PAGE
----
Terminally ill patients across the West Midlands still living in fear of early death from Covid-19

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People with terminal illness across the West Midlands are still living in fear of catching Covid-19 and dying early according to research. Their experiences were described in four reports, which contain recommendations for hospices.

A new film, released by researchers from the University of Warwick and the end-of-life charity, Marie Curie, highlights that people with terminal illness are struggling to balance the desire to live fulfilling lives with the time they have left and ensuring they stay protected from catching Covid-19.

The research gathered evidence from across the West Midlands from people living with terminal illnesses, their carers and health and social care professionals.

Speaking in the film, Wendy, who has stage four lung cancer, said: “COVID has not gone anyway, it is a really difficult situation for people like me who are extremely clinically vulnerable. When you are out in public you are nervous and worried about the people around you. I want to go out. You have to go out. I get in there as quick as I can and get out as quick as I can.”

Pauline, who also has stage four lung cancer, said: “I was shouted at in a supermarket for wearing a mask. This man said, ‘take your mask off as Covid is over.’ I tried to explain that I have to wear a mask still as I have stage four lung cancer, but he said, ‘that's your problem, not mine!’”

Marie Curie has responded to the research by urging people with terminal illness who are worried about Covid-19 to contact their information and support team who can provide practical and emotional support.

For many, the Covid-19 pandemic feels like a thing of the past. But as we come to the end of 2022, Covid-19 is still having a significant impact on people with terminal illnesses and the quality of the life they have.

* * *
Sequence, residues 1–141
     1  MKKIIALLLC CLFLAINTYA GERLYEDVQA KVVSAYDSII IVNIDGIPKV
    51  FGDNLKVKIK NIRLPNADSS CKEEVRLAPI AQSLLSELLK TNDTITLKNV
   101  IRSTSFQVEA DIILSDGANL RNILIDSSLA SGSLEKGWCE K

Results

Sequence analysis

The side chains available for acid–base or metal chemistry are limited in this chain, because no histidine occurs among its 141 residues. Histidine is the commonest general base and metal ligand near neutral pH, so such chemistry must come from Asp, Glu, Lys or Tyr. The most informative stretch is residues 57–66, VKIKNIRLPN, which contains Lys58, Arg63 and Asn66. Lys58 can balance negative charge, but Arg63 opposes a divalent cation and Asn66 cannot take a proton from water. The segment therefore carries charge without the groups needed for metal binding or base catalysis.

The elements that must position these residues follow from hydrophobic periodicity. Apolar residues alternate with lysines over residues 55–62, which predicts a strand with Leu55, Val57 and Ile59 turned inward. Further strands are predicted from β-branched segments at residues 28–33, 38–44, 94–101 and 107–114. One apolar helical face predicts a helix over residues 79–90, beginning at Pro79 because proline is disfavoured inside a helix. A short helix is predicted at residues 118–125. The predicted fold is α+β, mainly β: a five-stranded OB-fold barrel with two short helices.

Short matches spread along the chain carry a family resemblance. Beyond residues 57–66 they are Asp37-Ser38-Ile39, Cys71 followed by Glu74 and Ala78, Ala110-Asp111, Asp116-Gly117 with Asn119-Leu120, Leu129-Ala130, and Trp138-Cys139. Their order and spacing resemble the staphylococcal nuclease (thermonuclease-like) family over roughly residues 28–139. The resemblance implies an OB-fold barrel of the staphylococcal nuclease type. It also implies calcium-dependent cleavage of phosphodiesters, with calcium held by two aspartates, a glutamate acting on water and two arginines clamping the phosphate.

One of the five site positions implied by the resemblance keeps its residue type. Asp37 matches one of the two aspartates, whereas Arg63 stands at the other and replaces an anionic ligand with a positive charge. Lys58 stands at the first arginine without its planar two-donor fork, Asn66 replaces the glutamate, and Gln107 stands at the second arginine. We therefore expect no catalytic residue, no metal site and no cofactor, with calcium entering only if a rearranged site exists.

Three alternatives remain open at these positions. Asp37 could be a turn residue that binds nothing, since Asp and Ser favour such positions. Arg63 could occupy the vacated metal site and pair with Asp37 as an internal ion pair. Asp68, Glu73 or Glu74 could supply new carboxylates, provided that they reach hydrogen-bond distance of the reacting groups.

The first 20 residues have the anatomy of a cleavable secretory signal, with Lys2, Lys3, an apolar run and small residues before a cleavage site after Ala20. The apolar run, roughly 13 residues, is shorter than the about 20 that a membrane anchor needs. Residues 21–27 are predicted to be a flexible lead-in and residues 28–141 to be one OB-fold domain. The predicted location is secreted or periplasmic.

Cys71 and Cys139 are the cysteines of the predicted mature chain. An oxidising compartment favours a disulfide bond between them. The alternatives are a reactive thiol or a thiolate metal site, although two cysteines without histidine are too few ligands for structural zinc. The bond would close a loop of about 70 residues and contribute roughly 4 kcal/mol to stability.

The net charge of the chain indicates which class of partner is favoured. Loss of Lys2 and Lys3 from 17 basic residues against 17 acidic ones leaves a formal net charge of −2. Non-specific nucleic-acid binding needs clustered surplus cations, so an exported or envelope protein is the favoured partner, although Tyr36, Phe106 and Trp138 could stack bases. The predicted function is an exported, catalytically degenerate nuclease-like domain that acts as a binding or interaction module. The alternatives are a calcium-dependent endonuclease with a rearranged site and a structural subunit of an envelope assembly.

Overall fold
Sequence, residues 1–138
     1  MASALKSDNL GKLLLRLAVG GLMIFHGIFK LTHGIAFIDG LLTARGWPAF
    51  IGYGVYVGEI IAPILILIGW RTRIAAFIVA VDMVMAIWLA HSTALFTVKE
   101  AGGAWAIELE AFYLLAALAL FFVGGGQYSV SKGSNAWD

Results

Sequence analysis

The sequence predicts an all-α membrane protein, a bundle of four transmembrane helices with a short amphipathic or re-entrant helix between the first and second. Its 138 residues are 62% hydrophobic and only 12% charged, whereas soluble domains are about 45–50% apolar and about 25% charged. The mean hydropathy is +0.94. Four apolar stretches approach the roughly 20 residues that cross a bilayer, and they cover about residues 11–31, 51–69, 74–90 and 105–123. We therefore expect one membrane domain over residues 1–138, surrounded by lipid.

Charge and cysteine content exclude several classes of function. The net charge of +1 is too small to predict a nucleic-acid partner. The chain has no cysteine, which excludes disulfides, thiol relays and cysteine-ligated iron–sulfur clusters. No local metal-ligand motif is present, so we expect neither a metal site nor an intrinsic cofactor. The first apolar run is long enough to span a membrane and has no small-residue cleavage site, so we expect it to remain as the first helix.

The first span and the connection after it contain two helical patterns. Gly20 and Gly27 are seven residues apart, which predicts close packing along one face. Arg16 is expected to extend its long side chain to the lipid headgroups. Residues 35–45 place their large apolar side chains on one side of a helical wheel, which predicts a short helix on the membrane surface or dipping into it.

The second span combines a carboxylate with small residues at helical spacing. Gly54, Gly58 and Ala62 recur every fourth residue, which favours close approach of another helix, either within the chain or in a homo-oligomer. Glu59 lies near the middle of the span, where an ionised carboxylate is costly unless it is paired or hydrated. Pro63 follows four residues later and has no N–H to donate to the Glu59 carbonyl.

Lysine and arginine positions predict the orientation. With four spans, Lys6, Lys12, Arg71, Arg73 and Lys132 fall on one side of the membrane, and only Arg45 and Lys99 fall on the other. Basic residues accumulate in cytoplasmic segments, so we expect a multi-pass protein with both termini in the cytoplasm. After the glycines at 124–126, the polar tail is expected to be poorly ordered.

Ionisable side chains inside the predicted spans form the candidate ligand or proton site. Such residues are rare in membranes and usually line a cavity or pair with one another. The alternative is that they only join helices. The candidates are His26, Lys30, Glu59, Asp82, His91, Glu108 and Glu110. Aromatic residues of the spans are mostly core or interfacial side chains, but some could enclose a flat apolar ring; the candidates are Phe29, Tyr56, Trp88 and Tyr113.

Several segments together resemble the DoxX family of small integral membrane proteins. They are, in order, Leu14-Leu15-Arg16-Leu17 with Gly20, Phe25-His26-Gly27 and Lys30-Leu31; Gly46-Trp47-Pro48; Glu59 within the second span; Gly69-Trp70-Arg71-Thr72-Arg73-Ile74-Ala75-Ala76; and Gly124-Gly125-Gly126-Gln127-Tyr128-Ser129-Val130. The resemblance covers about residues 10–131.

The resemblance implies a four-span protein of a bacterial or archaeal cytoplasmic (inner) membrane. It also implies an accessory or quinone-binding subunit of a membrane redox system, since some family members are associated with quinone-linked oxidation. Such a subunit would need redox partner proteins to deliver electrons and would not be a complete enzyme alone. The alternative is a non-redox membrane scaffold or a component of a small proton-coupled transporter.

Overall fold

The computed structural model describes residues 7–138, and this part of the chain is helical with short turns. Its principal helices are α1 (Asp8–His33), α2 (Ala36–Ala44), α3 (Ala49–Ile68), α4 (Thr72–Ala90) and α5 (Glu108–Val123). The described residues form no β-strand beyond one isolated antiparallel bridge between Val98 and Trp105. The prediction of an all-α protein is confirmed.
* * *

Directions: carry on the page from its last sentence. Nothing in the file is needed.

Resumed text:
Many people with terminal illness are immunocompromised, meaning that vaccines and booster jabs are often less effective for them.

Sadly, the exceptional needs of terminally ill patients and palliative services remain unaddressed with current Covid-19 public health and protection policies. We hope that our research sheds light on how the pandemic is far from over for many patients, families, and hospices.”

John MacArtney, Associate Professor, Warwick Medical School, University of Warwick

Sue Morgan, Associate Director at Marie Curie Hospice, Solihull, said:

“The effects of Covid-19 are far from over. Like other healthcare settings, we continue to put measures in place to prevent the spread of the virus. It is important that we protect our patients, staff and volunteers but also keep providing the care and support people need, that helps them stay active, socialized, and supported through their illness.

“We want our patients to be able to live well and to enable their families to get the best out of those last few days, weeks, months, and years as they can. The finding from this research have been painful to read, and it is troubling to hear about some of the stories people have shared. I urge anyone out there who is living with a terminal illness and is worried about how to live well alongside Covid-19 to speak to our information and support team. They can give people practical help to manage risks but also be there to provide a listening ear and emotional support.”


The opinions expressed here are the views of the writer and do not necessarily reflect the views and opinions of News Medical.
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